The pandura (Ancient Greek: , pandoura) was an ancient Greek string instrument belonging in the broad class of the lute and guitar instruments. Musical instruments of this class have been observed in ancient Greek artwork from the 3rd or 4th century BC onward. Lutes have been present in ancient Greece since the 4th century BC.
The ancient Greekpandoura was a medium or long-necked lute with a small resonating chamber, used by the ancient Greeks. It commonly had three strings: such an instrument was also known as the trichordon (three-stringed) (, McKinnon 1984:10). Its descendants still survive as the Greek tambouras and bouzouki, the North African kuitra, the Eastern Mediterranean saz and the Balkan tamburica and remained popular also in the near east and eastern Europe, too, usually acquiring a third string in the course of time, since the fourth century BCE.
Information about Roman pandura-type instruments comes mainly from ancient Roman artwork. Under the Romans the pandura was modified: the long neck was preserved but was made wider to take four strings, and the body was either oval or slightly broader at the base, but without the inward curves of the pear-shaped instruments. The word pandura was rare in classical Latin writers.
There were at least two distinct varieties of pandura. One type was pear-shaped, used in Assyria and Persia. In this type the body had graceful inward curves which led up gradually from base to neck. These curves changed at the bottom end off the instrument to a more sloping outline, an elongated triangle with the corners rounded off. The oval type, a favourite instrument of the Egyptians, was also found in ancient Persia and among the Arabs of North Africa.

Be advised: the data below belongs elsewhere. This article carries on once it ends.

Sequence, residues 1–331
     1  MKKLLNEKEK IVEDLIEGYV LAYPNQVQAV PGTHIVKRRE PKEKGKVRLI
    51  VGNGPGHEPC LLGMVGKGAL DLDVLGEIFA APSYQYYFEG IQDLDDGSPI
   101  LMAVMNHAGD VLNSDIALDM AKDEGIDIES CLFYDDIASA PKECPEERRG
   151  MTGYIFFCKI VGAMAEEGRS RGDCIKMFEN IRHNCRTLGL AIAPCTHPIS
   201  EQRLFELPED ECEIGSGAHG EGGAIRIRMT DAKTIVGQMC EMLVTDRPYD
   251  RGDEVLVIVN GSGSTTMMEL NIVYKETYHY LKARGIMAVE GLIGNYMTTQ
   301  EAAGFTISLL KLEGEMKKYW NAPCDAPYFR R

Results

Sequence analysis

From the ancient Greek word pandoura, a comparable instrument is found in modern Chechnya and Ingushetia, where it is known as phandar. In Georgia the panduri is a three-string fretted instrument. The modern Georganian panduri instrument is in the tanbur class.
Memorial stele for a 16-year-old Roman woman, depicted playing a pandura-type instrument, date estimated 2nd century A.D. Unearthed in 1956 at the archeological site Emerita Augusta in Spain. Kept at the Museo Nacional de Arte Romano in Mérida, Spain.
Pandura-type instrument depicted on a Roman sarcophagus dated 3rd century AD.
Roman or Byzantine pandoura from a 6th century A.D. mosaic in Constantinople. Henry George Farmer named it a 3-string pandoura.
^Search for word pandura at "Classical Latin Texts", a website that is able to boast: "This website contains essentially all Latin literary texts written before A.D. 200, as well as some texts selected from later antiquity." Pandura is very rare as a word in classical Latin texts, but pandura-type instruments are not very rare in ancient Roman artwork. This raises the question: what then did the ancient Romans call it? Classical Latin cithara meant a lyre-type instrument at least sometimes, but sometimes it meant any plucked string musical instrument, and it seems very probable that the pandura was called by the name cithara in classical Latin at least sometimes. The classical Latin dictionary of Lewis and Short translates Classical Latin cithara as English "cithara, cithern, guitar, or lute". See Lewis, Charlton T.; Short, Charles (1879). "cithara". A Latin Dictionary; Founded on Andrews' edition of Freund's Latin dictionary. Oxford: Trustees of Tufts University. Retrieved 2018.
^"Estela de Lutatia Lupata". Museo Nacional de Arte Romano. Retrieved 2018. La joven LUTATIA toca un instrumento de cuerda, tipo "pandarium"... [translation: The young LUTATIA plays a stringed instrument, "pandarium" type]
^"Sarcophagus (1805,0703.132)". The British Museum. Retrieved 2018. The sarcophagus is in The British Museum, which says it was uncovered near Rome and was probably made in Rome itself, and date-estimates it 3rd century AD.
^Farmer, Henry George (October 1949). "An Early Greek Pandore". The Journal of the Royal Asiatic Society of Great Britain and Ireland. 1 (2). Retrieved 2018. The instrument is a three-stringed pandoura...